What is drug-facilitated sexual violence?
Drug-facilitated sexual violence is violence against an incapacitated person due to the influence of mind-altering substances, such as the consumption of alcohol or drug usage. Although alcohol is the most commonly used substance in drug-facilitated sexual violence, perpetrators may also intentionally give victims drugs. These substances make it easier for the perpetrator to commit sexual violence because they limit a person’s ability to resist. They also decrease the chances the victim will remember the assault.
How does a perpetrator use drugs and alcohol?
A perpetrator may take advantage of a victim’s voluntary use of alcohol or drugs, or the perpetrator may gave the victim a drug without their knowledge. No matter how much a victim drank or how dangerous the situation was, it is never the victim’s fault. The blame falls only on the perpetrator for taking advantage of the victim.
Alcohol is the most commonly used substance in drug-facilitated sexual violence. Perpetrators may also use prescription drugs such as sleep aids, anxiety medication, and tranquilizers to incapacitate the victim. Street drugs such as ecstasy and ketamine can also be added to drinks without changing the taste or color of the drink.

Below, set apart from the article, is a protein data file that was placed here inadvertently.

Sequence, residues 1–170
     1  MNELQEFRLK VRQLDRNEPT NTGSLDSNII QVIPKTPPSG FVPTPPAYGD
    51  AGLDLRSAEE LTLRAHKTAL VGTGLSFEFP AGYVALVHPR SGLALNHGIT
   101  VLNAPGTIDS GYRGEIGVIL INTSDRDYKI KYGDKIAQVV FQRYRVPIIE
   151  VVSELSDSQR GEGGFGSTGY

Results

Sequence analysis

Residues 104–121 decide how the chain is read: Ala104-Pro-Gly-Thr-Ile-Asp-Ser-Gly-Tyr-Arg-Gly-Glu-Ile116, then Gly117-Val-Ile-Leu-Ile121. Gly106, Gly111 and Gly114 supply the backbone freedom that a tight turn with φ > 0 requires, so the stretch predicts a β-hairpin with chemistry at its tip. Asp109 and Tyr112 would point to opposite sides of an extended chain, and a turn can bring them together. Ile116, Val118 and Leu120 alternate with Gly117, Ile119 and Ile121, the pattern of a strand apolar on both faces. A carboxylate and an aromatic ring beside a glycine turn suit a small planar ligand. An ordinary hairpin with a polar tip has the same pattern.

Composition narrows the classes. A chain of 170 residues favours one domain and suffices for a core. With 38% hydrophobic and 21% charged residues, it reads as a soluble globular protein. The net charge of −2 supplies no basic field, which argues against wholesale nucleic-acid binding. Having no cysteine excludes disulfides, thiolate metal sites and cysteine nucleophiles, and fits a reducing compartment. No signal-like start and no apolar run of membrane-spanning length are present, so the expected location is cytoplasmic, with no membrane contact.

What are the signs you’ve been drugged?
Some drugs impact the body almost immediately, while the first effects of other drugs may go unnoticed. Knowing the warning signs and symptoms can help keep you safe. If you notice any of these warning signs in yourself or someone you know, contact someone you trust immediately.
Here are some warning signs and symptoms to be aware of:
- Difficulty breathing
- Feeling drunk when you’ve consumed very little or no alcohol
- Loss of bowel or bladder control
- Sudden change in body temperature
- Sudden increase in disorientation, dizziness or blurred vision
- Waking up with no memory or with large time gaps missing
If you suspect you or someone you know was drugged, go to a hospital immediately. Hospitals can help collect and preserve evidence for investigations. Most drugs leave the body within 12 to 72 hours. If you can’t get to a hospital immediately, save your urine in a clean, sealable container as soon as possible, and place it in the refrigerator or freezer. Call the National Sexual Assault Hotline at 800.656.HOPE (4673) to find a hospital or medical center that can provide you with a sexual assault forensic exam and test your blood and urine for substances.
To speak with someone who is trained to help, call the National Sexual Assault Hotline at 800.656.HOPE (4673) or chat online at online.rainn.org.